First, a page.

While the Cabernet and Chianti varieties mature better, Pinots migrate to higher altitudes. In the far south, however, replanting as a counter-strategy is largely absent, since the most heat-resistant wine varieties are already being cultivated. In Sicily, for example, the Merlot grape suffers from a lack of moisture, and winegrowers are required to improve foliage and soil.

In the worst case, entire regions could be threatened with the loss of varietal identity, warns the climate expert among Germany’s wine professors, Hans Reiner Schultz, from the leading wine university Geisenheim, in a co-authored study. Driving forces of climate change can shift the regional suitability of a wine region, day and night, summer and winter temperatures, water balance, all of which influence budding, flowering and ripening phases. “Winegrowers today have to react to what awaits them in 25 and 50 years,” he warns in an interview.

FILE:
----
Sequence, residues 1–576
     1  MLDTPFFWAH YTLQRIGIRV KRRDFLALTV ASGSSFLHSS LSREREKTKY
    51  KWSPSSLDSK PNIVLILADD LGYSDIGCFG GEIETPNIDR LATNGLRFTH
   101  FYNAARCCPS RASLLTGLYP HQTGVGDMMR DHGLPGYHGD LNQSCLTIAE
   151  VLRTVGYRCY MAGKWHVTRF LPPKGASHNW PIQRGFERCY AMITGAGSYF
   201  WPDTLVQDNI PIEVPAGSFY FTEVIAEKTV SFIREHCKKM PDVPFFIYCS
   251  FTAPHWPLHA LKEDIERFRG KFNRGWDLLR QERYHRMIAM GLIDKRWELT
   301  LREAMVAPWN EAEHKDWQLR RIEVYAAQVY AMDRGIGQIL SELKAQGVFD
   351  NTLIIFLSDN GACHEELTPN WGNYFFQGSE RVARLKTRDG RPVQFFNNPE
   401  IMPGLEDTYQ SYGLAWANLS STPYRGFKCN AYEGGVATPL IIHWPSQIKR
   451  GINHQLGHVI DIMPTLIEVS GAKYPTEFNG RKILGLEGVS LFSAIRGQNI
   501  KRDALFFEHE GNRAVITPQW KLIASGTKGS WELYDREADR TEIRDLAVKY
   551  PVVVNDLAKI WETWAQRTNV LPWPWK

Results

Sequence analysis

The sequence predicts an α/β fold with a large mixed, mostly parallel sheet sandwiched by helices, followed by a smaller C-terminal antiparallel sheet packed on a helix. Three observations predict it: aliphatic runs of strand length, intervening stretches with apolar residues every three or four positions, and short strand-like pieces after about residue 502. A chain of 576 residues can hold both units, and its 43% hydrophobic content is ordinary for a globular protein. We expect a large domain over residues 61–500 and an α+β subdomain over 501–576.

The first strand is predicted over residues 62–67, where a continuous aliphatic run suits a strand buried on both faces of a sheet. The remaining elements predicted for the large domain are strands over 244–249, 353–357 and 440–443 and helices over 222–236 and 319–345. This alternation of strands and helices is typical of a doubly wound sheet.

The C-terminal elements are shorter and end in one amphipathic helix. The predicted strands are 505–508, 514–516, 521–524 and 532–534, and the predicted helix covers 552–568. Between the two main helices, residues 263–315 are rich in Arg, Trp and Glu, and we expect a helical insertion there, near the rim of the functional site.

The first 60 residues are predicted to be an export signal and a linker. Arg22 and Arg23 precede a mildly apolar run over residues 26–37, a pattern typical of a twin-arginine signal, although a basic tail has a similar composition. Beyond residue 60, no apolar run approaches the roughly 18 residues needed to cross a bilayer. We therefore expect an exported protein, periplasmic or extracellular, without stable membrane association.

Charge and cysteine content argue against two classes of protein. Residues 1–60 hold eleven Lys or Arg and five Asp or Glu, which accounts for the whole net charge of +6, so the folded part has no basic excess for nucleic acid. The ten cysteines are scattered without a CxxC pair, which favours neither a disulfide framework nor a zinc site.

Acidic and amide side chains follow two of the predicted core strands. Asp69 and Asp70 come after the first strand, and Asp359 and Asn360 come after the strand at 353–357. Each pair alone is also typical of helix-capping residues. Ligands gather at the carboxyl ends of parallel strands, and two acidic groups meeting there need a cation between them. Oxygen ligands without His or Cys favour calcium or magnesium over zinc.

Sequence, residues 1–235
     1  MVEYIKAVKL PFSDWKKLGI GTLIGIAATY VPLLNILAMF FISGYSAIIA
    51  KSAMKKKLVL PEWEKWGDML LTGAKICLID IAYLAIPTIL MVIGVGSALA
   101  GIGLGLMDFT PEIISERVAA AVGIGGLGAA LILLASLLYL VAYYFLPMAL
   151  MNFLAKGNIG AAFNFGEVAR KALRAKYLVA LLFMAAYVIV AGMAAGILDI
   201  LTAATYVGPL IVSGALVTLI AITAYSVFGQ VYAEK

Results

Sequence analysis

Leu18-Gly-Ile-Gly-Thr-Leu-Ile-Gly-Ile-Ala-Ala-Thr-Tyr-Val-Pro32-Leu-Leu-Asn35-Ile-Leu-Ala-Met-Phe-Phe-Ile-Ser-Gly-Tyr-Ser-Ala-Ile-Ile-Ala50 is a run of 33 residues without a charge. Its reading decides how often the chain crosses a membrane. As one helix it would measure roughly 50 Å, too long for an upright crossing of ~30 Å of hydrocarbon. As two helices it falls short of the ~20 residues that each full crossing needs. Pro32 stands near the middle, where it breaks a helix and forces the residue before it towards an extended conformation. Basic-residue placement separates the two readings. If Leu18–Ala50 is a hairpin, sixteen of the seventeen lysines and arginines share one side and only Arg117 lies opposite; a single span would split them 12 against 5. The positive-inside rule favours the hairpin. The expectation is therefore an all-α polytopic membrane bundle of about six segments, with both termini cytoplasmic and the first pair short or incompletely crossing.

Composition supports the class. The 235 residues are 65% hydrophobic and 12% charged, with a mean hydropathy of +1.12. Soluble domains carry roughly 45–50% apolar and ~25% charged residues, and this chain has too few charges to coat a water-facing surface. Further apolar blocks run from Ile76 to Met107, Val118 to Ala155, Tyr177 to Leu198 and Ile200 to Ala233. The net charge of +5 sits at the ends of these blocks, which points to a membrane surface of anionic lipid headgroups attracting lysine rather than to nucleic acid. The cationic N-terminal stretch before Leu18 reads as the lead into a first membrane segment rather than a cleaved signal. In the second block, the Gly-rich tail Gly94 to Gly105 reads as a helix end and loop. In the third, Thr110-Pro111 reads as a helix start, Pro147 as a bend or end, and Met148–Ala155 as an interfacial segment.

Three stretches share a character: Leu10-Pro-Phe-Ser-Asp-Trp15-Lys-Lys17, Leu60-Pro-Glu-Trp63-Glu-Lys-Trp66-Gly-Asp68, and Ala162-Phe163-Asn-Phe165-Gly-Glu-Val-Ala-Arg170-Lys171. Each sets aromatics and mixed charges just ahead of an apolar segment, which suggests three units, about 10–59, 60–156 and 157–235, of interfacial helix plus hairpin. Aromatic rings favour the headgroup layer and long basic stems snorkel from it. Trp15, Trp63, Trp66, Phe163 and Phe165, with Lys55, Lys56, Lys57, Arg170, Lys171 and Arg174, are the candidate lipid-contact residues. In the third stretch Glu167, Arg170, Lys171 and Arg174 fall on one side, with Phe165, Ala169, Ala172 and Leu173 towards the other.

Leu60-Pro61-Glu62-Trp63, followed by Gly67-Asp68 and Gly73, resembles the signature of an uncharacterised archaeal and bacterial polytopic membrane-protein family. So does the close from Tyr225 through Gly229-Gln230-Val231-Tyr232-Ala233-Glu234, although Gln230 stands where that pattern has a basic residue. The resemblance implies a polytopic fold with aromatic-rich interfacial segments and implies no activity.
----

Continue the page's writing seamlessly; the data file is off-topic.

A warning call, which the French National Wine Institute (INRAE) also joins in: What is happening today in the Languedoc-Roussillon wine region, which is plagued by drought, is like a laboratory and “could be the reality in the Rhone Valley in ten years’ time”. In this way, the top regions in particular do not remain idle. However, since Bordeaux wines are difficult to produce further north, winegrowers are turning to the late-ripening Petit Verdot variety. After ten years of research with climate scenarios, the winegrowing council had six additional grape varieties officially approved for adaptation.